iServices Trojan Makes its Way to Pirated Photoshop

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The iServices trojan horse that first appeared in pirated copies of iWork '09 appears to have been added to a cracking application that adds serial numbers to stolen copies of Photoshop CS4. The new variant of the trojan horse has been dubbed OSX.Trojan.iServices.B, according to the security company Intego.

The cracking application that installs the trojan horse is bundled with copies of Photoshop CS4 that are available via BitTorrent sites. When run, it creates a backdoor with Root user privileges into the user's Mac, alerts a remote server, and allows a remote attacker to execute commands on the user's Mac.

Like the OSX.Trojan.iServices.A trojan that this new variant copies, it is not a virus and requires user interaction for installation. Avoiding this trojan horse is simple: Don't install software that you don't legitimately own, and avoid Web sites, like pirated software and warez sites, that aren't trustworthy.


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Sounds almost like a booby trap, doesn’t it.

Imagine that.

Paul R.

I’m sorry, but I have a hard time caring about a trojan that is showing up in software that people are stealing. Yes, I understand that at some point it is a possibility that it could show up in a commercial install, but then I would have to ponder the legitimacy of the developer.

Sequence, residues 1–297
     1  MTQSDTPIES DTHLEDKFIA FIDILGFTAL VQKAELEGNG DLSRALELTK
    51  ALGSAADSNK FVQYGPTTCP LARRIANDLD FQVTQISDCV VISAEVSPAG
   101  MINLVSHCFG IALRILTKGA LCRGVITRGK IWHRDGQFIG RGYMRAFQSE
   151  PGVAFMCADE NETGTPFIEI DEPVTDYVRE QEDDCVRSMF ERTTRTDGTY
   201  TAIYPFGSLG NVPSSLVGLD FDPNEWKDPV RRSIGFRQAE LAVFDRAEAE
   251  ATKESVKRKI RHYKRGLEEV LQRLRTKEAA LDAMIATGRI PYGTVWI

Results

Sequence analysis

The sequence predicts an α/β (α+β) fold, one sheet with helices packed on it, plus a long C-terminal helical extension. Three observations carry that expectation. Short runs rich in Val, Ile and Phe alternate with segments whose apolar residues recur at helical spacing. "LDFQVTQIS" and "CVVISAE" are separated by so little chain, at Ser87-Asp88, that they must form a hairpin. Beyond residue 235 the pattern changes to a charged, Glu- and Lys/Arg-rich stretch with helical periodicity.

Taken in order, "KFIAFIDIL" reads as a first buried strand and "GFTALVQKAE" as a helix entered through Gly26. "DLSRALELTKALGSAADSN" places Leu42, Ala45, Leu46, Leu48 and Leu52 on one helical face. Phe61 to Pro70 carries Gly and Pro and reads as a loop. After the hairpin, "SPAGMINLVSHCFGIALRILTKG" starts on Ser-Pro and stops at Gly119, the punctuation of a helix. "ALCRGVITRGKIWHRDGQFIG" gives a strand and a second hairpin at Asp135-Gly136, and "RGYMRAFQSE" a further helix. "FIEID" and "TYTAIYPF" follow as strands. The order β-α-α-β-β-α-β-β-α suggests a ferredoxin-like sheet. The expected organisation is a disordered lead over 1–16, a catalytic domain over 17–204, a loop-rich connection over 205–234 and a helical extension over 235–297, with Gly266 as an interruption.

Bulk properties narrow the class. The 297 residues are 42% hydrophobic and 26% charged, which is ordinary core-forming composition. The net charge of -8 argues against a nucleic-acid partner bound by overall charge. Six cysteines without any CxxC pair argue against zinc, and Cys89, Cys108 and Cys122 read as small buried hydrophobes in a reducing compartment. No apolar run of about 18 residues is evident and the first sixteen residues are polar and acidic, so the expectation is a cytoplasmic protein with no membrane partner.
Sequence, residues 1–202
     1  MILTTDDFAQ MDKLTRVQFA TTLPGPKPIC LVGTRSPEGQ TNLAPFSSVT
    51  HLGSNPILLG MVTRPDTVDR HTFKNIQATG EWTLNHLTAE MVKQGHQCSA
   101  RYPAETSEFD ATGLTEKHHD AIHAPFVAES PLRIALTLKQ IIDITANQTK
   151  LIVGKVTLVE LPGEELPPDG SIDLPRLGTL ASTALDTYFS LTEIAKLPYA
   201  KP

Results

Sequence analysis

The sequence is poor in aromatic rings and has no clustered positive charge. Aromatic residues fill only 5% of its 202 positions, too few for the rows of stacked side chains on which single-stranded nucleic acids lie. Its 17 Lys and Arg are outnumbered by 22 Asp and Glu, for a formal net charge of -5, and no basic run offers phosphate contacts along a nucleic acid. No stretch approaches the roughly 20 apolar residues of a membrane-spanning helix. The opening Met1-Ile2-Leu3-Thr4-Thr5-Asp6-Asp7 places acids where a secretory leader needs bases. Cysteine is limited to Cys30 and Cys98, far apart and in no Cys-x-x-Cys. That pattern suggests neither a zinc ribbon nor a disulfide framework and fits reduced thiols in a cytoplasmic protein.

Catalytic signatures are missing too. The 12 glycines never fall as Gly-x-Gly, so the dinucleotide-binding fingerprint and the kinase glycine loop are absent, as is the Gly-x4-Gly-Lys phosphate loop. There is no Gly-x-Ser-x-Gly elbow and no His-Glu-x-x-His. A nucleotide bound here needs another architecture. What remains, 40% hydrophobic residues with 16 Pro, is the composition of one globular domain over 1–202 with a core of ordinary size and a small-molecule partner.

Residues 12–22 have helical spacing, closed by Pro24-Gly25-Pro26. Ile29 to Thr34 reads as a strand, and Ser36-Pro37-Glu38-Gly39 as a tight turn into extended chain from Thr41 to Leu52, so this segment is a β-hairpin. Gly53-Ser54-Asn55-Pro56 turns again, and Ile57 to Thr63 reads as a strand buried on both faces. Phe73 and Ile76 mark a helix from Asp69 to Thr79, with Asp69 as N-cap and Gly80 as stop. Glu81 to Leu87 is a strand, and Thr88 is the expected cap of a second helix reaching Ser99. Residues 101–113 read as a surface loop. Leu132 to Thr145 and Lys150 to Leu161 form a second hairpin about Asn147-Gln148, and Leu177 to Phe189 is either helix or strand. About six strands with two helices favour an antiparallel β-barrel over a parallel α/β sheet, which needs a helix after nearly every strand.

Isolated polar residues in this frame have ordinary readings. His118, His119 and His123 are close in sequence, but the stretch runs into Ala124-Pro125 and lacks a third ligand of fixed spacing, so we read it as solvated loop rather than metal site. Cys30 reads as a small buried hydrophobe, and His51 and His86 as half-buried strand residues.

You know, when people say Windows has viruses, they don’t mean just viruses by that statement. They mean everything from malware to worms. So while the appropriate definition of OSX.Trojan.iServices is that of a trojan, in popular lexicon it qualifies under the catchall term “virus.”

Further, where do you think Windows viruses originated from? There weren’t people at bioware writing viruses and attaching them to their for sale software, mostly viruses that came on marketed items (like the ipods that came with their very own ivirus) came about through unintentional infection from an unsecured source computer. This problem is endemic and so far the only thing that has shielded Mac users has been their relatively small numbers, but as more people use Macs worldwide, there will be more attacks of this nature that will take advantage of OS X’s userbase’s poor understanding of how “viruses” work.

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